My little brother Thomas was afraid of rats. When he saw them around the farm he near had a heart attack right on the spot, and if they popped up on television his eyes grew wide and he screamed. I didn’t like them either, sure, but my reactions to rats never sparked such raging terror as his. Our parents had tried to dull it for years, but, even after the age of five, he still dropped anything he was doing when the vermin came in his sights.
I got hours of enjoyment out of teasing him, no, torturing is more like it. Often I’d take him somewhere I knew groups of them waited: squeaking and gnashing their teeth. I placed a flattened one I’d found in the cow pasture on his bed one night, stood with an ear to the wall, then laughed like the bratty shit I was when he flicked on the light switch and howled. Super Rats flew through the air sometimes, landing on Thomas and gripping his hair and clothes.
Needless to say, though I will anyhow, I was almost-always grounded or punished in some way.
Hell, you can’t blame me. Thomas did his fair share of bullying, too.
I spent hours trying to watch him, having to take “extra good care of him” when our folks were out since he was my “precious younger brother.” Those days concluded with us beating and thrashing around. When the car roared up the driveway later, our house was usually the Wreck of Mercedes. I stood on the short end of a fake straw getting blunted with repercussions.
Thomas laughed when our parents weren’t looking. Every single goddamn time he’d make that nasily noise, and I’d just want to choke him. Thank the Lord getting revenge on the kid was easy.
One particular day he took it too far: I was 14, he was 12. Happened to be chatting with my girlfriend over the phone during summer vacation, he poked his rat-fearing nose where it didn’t belong. Inevitably, he picked up on our conversation and ran to the kitchen to whine about it.
Now, my family lived in a house with very tight rules outlining what ages someone could date without getting in trouble. So, I wound up unable to call anyone for the rest of the break. With one last dial, I had to kill my relationship. He’d crossed a line that nobody should ever cross under any circumstances. That evening I would turn to rats for what had to have been the billionth time.
I found Thomas out in the barn’s henhouse with a little metal bucket collecting eggs, a daily chore of his. My plan went into action when he left this bucket to go grab a carton: I pulled the old switcheroo, setting an identical pail holding two small rats in its place. What a scare, was the thought that came to mind, but he deserves it.
My little brother didn’t deserve anything near what he got. Standing in a hidden corner, I winced as he screamed and flailed around like a madman with rabies. Upon squinting I noticed one of the rats had sunk its teeth into his hand, not letting go for anything. I was worried but foolishly decided to stand a bit longer.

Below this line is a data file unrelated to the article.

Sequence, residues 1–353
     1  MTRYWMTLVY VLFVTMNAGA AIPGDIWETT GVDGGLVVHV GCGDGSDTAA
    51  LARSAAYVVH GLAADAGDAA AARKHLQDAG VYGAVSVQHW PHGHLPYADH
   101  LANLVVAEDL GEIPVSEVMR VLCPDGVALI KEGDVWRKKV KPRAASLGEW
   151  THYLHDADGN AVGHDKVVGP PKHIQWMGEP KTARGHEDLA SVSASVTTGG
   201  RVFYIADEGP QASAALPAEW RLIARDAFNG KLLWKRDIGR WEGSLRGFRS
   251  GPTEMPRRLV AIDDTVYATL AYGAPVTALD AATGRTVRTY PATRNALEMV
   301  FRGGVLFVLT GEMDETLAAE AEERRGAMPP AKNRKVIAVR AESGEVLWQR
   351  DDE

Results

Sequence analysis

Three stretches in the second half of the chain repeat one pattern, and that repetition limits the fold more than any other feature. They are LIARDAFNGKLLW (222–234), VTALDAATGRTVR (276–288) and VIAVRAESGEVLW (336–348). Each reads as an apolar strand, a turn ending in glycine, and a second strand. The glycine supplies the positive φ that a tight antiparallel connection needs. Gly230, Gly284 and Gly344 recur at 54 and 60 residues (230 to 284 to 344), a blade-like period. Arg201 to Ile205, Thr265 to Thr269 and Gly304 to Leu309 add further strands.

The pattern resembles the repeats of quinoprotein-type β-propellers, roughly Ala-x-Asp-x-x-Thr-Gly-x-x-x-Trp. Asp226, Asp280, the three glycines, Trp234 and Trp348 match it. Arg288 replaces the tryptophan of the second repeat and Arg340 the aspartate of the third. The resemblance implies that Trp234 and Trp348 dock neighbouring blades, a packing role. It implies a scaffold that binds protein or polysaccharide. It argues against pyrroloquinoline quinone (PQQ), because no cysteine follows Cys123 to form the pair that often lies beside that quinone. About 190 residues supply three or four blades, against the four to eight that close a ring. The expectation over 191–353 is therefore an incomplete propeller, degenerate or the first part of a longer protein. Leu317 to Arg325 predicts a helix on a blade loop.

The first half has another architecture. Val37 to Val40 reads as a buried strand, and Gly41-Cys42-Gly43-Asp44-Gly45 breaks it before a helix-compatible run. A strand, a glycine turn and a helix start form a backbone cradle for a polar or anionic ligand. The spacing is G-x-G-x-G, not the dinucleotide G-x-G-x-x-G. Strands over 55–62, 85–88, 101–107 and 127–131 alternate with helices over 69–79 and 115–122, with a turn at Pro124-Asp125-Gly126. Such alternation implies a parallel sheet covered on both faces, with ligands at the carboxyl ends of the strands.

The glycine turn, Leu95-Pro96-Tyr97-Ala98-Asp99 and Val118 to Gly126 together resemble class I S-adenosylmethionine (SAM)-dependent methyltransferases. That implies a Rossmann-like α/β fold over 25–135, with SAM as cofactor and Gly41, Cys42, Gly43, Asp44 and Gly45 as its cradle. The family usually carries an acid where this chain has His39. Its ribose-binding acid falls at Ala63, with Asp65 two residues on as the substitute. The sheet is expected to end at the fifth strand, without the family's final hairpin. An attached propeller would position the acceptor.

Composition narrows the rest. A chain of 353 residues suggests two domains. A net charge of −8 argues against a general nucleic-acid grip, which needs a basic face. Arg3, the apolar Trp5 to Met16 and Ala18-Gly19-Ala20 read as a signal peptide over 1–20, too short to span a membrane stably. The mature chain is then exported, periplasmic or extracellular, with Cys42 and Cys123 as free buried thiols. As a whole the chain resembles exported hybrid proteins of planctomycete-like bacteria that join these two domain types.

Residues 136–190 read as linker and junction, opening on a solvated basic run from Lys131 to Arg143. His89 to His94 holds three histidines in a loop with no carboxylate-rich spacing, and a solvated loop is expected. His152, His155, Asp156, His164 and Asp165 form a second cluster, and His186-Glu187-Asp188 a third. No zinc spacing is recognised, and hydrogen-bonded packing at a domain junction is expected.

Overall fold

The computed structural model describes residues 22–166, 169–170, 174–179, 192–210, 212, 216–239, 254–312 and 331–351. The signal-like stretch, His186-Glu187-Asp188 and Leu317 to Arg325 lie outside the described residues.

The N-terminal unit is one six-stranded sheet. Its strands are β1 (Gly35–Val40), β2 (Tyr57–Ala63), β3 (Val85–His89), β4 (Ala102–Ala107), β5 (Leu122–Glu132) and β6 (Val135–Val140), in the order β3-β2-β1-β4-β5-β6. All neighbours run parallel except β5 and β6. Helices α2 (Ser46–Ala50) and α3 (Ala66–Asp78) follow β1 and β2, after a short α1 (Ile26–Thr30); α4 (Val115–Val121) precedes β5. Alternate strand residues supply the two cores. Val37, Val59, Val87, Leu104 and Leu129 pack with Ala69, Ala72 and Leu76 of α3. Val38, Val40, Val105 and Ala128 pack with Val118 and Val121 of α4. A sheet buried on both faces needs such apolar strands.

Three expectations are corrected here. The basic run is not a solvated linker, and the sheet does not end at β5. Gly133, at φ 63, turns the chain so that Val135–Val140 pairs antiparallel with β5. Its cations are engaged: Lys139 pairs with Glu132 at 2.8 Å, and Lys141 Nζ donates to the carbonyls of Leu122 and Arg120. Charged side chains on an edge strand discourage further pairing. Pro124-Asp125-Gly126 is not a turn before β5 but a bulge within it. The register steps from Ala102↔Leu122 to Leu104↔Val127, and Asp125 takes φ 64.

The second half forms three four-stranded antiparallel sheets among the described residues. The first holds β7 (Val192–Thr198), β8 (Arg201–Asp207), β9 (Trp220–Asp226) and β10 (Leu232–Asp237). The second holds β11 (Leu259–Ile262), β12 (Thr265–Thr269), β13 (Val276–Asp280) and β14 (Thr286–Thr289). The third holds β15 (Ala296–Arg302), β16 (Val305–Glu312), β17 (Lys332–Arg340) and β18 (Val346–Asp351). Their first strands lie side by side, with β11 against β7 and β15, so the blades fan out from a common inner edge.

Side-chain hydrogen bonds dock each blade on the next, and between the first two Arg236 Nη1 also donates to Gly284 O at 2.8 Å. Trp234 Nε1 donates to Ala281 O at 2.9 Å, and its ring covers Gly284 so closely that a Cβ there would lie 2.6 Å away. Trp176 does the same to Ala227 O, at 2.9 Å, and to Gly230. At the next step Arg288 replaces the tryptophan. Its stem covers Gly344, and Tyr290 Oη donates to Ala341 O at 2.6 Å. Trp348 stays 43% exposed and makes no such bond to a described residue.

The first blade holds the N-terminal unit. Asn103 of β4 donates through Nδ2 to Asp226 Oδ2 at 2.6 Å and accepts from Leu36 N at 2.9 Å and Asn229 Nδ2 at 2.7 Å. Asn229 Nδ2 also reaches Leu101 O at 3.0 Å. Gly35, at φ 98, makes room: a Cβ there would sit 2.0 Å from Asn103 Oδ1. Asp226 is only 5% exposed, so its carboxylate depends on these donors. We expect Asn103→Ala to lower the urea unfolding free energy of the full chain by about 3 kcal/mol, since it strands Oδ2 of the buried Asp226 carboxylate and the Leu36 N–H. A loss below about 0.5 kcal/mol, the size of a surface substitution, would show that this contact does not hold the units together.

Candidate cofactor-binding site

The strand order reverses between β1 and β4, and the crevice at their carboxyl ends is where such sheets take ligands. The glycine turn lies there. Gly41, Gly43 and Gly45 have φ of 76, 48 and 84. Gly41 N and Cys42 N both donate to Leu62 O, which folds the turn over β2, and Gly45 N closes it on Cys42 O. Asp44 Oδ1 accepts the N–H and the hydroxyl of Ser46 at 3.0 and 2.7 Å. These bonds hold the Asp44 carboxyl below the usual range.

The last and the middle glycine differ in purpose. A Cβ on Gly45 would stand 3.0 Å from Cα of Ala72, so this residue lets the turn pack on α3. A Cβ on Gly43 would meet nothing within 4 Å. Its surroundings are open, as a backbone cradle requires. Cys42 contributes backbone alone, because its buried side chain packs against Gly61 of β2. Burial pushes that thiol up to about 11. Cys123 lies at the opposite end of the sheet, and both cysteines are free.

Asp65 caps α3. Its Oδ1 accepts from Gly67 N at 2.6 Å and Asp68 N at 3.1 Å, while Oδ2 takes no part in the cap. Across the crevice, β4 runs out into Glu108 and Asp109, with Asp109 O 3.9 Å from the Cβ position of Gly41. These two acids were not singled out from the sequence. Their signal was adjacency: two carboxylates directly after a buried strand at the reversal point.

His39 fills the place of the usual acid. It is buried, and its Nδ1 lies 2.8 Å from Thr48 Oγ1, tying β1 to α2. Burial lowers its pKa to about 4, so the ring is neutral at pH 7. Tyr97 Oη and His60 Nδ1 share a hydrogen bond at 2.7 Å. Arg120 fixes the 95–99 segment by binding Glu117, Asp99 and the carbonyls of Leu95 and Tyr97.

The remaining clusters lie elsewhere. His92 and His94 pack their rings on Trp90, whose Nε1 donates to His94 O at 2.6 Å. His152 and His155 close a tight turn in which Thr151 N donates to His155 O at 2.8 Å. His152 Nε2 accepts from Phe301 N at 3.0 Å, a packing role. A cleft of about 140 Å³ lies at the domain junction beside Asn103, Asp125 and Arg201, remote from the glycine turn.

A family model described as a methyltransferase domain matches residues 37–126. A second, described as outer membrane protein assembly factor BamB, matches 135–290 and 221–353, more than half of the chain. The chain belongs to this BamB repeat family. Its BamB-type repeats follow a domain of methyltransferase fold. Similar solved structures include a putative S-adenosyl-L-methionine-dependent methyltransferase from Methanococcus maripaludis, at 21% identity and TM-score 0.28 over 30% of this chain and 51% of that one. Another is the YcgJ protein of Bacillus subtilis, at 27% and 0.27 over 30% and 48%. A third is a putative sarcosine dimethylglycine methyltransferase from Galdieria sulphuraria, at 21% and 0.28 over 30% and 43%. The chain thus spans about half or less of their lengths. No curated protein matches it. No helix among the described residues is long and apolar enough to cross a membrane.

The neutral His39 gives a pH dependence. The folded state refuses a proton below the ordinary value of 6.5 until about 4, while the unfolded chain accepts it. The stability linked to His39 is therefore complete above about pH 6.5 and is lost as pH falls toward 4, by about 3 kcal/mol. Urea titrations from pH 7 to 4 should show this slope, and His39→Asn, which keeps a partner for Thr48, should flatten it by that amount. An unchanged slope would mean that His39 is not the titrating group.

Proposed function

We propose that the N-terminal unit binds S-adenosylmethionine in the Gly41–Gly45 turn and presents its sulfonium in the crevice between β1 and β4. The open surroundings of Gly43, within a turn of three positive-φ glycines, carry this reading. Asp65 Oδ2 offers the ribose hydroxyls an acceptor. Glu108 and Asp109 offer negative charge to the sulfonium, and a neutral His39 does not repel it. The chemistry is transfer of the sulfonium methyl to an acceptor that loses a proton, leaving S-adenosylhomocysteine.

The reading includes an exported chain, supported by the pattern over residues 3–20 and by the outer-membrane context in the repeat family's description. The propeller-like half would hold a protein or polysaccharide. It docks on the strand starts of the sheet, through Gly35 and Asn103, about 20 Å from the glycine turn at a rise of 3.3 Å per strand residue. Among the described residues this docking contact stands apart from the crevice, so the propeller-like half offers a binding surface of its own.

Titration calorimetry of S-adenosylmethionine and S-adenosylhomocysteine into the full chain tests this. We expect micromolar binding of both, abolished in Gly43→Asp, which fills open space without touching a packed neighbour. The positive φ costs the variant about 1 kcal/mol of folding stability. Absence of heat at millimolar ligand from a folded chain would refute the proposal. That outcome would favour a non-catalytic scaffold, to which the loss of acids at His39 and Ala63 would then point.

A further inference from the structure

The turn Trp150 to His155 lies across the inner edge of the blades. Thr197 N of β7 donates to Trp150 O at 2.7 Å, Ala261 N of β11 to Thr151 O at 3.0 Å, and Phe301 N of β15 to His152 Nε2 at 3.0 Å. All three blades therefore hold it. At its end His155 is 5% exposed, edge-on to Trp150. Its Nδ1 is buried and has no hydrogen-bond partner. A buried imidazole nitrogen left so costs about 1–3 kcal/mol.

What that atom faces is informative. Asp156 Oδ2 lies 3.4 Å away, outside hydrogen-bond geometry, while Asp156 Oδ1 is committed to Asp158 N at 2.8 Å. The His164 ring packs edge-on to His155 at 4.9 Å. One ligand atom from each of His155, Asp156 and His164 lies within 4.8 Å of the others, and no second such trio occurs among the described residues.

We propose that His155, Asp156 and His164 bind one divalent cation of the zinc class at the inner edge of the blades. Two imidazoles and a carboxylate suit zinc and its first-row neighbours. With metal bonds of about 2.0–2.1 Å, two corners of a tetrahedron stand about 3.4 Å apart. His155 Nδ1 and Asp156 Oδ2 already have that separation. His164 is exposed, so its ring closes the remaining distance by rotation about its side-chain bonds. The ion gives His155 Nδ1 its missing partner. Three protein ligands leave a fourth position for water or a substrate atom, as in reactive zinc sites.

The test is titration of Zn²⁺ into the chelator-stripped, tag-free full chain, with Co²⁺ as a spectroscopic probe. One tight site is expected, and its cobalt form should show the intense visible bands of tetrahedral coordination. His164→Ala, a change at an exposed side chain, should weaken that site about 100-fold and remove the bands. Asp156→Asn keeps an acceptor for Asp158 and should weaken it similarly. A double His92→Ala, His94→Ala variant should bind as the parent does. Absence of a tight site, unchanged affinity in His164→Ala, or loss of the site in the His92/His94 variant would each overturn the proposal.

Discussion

He sped from one end of the barn to the other over and over, shaking it furiously, yet it still stayed hooked. Blood trailed down his arm. I decided I’d had my fun with tormenting him, running out to pull it off. He was so freaked out that he didn’t seem to notice me. Keeping up his wild sprint, he raced right past me even as I told him to stop.
“Get it off! Get it off of me!”
I reached out my hand to catch him, missing him by a mile. With one final burst of speed, he threw himself right out a large window. The vile creature finally unlatched as Thomas screeched, plummeting to the grassy ground several feet below.
I peered down, hearing a familiar squeaking sound. My heart leaped into my throat as I saw something terrible: a swarm of rats crawled over his unconscious body. His fall had revealed a hidden nest. I screamed, practically a headless chicken when I ran outside and turned a corner that led to green pastures. Mom and Dad helped each other hang clothes but stopped when they saw me.
When I reached Thomas, I was frantic, shaking, and sobbing. My knees felt weak, as the rats were having their fill of him. I hastily began prying the bloodthirsty things off, soon not alone. It hurt like the devil. Some decided they liked us better. None would eat again.
The way he appeared afterward, the lack of movement and odd color of his throat, he had to be a corpse. Mom relied on a beam for support as Dad had passed out.
Then, Thomas gasped. Well actually, because his neck was broken, it was more of a gurgle.
My brother is blind and paralyzed due to the damage to his spine: if he could write it would be poor anyway without sight, and he refuses to learn braille. A wheelchair is what he gets around with these days. He lives in a home where other people are required to take care of him, and, apparently, is the angriest man who any of his caretakers have ever met.
I would know that, considering I visit him weekly. He curses at me, only retaining his ability to speak, and threatens me when I come to sit beside him. One should think that he has a cap to his anger, but he's a spiteful bastard. He's ornery, unkempt, spends all his time in the dark, overall a real rat.
I made him the very thing he once feared. God forgive me.